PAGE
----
Artificial Light

Houston can be a place of strange contrasts for us transplants. The odd urban-residential texture fostered by a lack of zoning; the mile upon mile of shopping centers, all looking the same despite their pathetic attempts to distinguish themselves from one another; the ribbons of highways that tie this sprawl together with intricate bows of overpasses and interchanges: All of this can present certain challenges to aesthetic sensibilities nurtured elsewhere. Then there are the natural elements of the Gulf Coast landscape -- the extreme flatness of the terrain; the enormous sky; the humid light that softens the horizon; the unearthly glow that accompanies the more impressive thunderstorms. And of course the sunsets, those brilliant explosions that everyone blames on pollution, as if the sun must have set with less display before the proliferation of the internal combustion engine. Houston can offer such a confounding combination of the sublime and the ridiculous that it's a miracle the place doesn't collapse under the weight of its contradictions.

But what may drive some of us to distraction can be a source of inspiration to others. Janaki Lennie, an Australian artist who landed in Houston six years ago, has been captivated by this brave new world. Her first appearance, several years ago in a group exhibit, trumpeted the impact that her new surroundings had on her: large charcoal drawings of overpasses, seen from ground level, looming over and encircling the viewer -- the Houston urbanscape filtered through Dante.

A few years later she produced a series of reinterpretations of well-known Hudson River School paintings, into which she introduced mythically huge freeways, which dominated the famous vistas, imposing a 20th-century version of American manifest destiny on a 19th-century vision of the American sublime. She then took a brief side trip to explore the alone-in-a-crowd theme with a series of predominately white paintings, in which figures seen from an elevated angle stood in loose groups on stark flat grids, like pieces on a game board, with no apparent interaction. Now her solo debut, "Stargazing," on view at McMurtrey Gallery, effectively consolidates all of Lennie's previous concerns.

All of the paintings are titled after stars, but there are no stars in these works. That's part of the point. The paintings all follow the same basic format, with slight variations: A distant, obviously urban horizon forms the lower border of the composition, with the underside of a foregrounded roadway framing the top. In between is twilight sky, nothing but sky, filling the composition with a luminous, monochromatic field.

Lennie works with a variety of colors from canvas to canvas, and gradations of color within specific paintings. In all of these works, the viewer is oriented toward the west, the urban horizons silhouetted by the dying light of day, so that the paintings darken as your eye travels upward until it arrives at the highway and discovers a weird light, from another source, shining on the concrete abutments. In a moment, you realize this light must be coming from the street lamps illuminating the roadway above your head. This light at the top echoes the light at the bottom, but unnaturally. And you realize why there are no stars -- as the skies get darker, the urban light takes over, illuminating locally while obscuring generally.

It doesn't take long for you to notice something else a bit unsettling about these paintings: Lennie positions you in her composition so that your perspective doesn't quite make sense. You're too high and too low at the same time -- in fact, you're suspended in midair. You're betwixt and between, which means you don't know where you are.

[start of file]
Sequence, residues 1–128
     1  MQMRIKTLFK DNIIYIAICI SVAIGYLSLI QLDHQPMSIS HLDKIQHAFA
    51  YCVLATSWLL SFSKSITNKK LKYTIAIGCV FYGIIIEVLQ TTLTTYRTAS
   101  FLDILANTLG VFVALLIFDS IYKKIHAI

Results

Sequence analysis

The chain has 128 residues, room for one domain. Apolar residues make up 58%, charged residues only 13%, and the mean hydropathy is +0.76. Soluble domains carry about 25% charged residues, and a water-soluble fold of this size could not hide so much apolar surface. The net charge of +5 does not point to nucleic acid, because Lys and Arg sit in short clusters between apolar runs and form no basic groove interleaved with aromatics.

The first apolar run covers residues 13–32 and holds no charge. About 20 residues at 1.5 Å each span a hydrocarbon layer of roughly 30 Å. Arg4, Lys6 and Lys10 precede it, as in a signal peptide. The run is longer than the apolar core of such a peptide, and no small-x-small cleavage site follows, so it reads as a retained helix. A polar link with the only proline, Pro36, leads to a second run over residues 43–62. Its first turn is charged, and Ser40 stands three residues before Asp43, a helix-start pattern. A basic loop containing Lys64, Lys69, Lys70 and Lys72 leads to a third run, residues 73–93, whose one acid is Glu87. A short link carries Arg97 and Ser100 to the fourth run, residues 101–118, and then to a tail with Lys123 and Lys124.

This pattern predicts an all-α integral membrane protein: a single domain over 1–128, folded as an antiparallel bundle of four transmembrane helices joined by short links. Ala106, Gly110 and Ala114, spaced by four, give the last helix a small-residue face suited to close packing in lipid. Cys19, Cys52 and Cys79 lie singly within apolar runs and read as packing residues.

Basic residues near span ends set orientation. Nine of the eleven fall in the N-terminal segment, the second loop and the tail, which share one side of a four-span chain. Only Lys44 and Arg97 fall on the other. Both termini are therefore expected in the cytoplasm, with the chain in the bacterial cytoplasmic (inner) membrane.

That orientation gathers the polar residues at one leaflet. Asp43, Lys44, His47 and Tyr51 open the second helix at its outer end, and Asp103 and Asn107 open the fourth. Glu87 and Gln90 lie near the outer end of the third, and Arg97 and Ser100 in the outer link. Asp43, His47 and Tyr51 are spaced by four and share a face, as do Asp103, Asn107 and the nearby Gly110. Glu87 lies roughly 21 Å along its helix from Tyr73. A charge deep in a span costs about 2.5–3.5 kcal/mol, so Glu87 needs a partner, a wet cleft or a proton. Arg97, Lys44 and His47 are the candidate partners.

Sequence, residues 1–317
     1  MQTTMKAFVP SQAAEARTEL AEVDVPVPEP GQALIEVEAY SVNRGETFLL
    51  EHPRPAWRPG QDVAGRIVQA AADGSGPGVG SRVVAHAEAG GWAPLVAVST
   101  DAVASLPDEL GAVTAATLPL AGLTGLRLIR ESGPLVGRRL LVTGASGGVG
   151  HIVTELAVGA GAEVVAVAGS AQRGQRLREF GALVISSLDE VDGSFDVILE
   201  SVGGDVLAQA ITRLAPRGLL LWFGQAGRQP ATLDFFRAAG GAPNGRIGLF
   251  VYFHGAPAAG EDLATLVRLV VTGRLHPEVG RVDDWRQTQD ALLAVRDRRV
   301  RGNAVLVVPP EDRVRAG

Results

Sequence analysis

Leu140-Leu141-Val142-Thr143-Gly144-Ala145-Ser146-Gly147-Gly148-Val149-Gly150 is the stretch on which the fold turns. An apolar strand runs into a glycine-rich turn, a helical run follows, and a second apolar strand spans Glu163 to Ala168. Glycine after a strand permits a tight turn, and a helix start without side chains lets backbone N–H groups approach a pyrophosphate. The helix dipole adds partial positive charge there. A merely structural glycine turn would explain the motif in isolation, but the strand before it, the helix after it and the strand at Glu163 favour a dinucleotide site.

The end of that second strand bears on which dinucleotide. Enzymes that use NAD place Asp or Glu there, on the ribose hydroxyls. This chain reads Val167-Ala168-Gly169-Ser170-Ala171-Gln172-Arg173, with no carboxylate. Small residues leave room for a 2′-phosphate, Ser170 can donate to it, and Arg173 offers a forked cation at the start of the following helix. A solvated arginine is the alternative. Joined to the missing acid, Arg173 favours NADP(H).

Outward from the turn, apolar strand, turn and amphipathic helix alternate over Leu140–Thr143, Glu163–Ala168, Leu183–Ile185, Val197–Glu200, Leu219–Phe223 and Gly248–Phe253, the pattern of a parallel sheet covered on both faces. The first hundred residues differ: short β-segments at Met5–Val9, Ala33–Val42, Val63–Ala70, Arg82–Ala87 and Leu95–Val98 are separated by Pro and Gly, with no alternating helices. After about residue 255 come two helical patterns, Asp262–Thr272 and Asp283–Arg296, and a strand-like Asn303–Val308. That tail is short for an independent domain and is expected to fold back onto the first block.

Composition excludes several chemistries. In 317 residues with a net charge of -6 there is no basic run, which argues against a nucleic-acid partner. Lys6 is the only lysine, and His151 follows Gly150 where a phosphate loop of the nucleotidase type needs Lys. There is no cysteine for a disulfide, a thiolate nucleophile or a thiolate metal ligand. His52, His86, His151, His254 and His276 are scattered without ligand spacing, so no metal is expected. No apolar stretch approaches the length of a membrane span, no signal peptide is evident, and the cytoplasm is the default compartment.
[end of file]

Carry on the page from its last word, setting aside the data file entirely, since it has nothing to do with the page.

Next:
Nor can you be quite sure what your relationship is to that far-off horizon, or what you might want it to be. Don't go looking for these freeways and streetlights and microwave towers and stadium lights. You won't find that particular curve of overpass ramp. These are generic urban horizons, not specific locations, and Lennie emphasizes that lack of specificity with odd arrangements.

In Epsilon Aquarius (2001), for example, the horizon is cluttered with billboards, two of them at such an angle to each other that their messages would be so garbled together as to be incoherent. Beta Andromeda (2000) offers a soft gray twilight with greenish tones that is quite peaceful and soothing -- so, of course, it has the busiest horizon, a frenetic jumble of electrical towers, road signs and highway lamps at a density not even Houston would tolerate.

But you're drawn to these horizons despite your disquiet; you're drawn to the light as well as the space, pressed in as you are by the roadway above your head. So you take refuge in the skies that stretch above an urban wilderness, a man-made wilderness thrown up against a natural world that is impacted, but not intimidated, by human activity. You go looking for the stars with the mythical names.

In these paintings, Lennie has given us a vision of transcendent beauty set against dystopia. While she hasn't reconciled the two (who could?), she does bring them into an uneasy balance, a balance that should be familiar to Houstonians who complain about the traffic and the smog and the sprawl, but apparently wouldn't have it any other way. In one painting, however, Lennie tips the balance a bit more toward the sublime. Alpha Aquarius (2001) slightly deviates from the structure of the other paintings -- the lower border is formed by shadowy treetops rather than a horizon, while the top border is just the slightest hint of a roadway shaving the upper right corner. The sky fills in the rest, a lighter, brighter expanse of blue. Within the asymmetrical frame, the sky takes the shape of a planet as seen close by from one of its moons. It's a vision of a new world, one we can almost touch.

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John Devine